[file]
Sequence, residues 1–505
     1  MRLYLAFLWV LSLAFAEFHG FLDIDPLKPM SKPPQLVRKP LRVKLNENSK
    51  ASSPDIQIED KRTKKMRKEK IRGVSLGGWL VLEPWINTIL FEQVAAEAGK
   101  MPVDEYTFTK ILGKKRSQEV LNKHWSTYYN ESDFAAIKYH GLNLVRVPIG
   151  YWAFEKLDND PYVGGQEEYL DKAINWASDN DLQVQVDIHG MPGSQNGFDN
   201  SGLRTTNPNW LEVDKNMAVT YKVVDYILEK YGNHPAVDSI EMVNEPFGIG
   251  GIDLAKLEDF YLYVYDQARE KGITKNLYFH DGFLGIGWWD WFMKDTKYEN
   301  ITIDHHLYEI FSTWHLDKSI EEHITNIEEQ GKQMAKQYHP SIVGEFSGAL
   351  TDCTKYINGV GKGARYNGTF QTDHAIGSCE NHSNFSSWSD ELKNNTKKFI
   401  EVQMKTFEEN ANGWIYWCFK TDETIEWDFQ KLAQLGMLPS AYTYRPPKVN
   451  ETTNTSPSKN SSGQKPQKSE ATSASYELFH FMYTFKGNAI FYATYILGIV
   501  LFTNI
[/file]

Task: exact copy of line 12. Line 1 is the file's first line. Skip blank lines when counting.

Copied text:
   501  LFTNI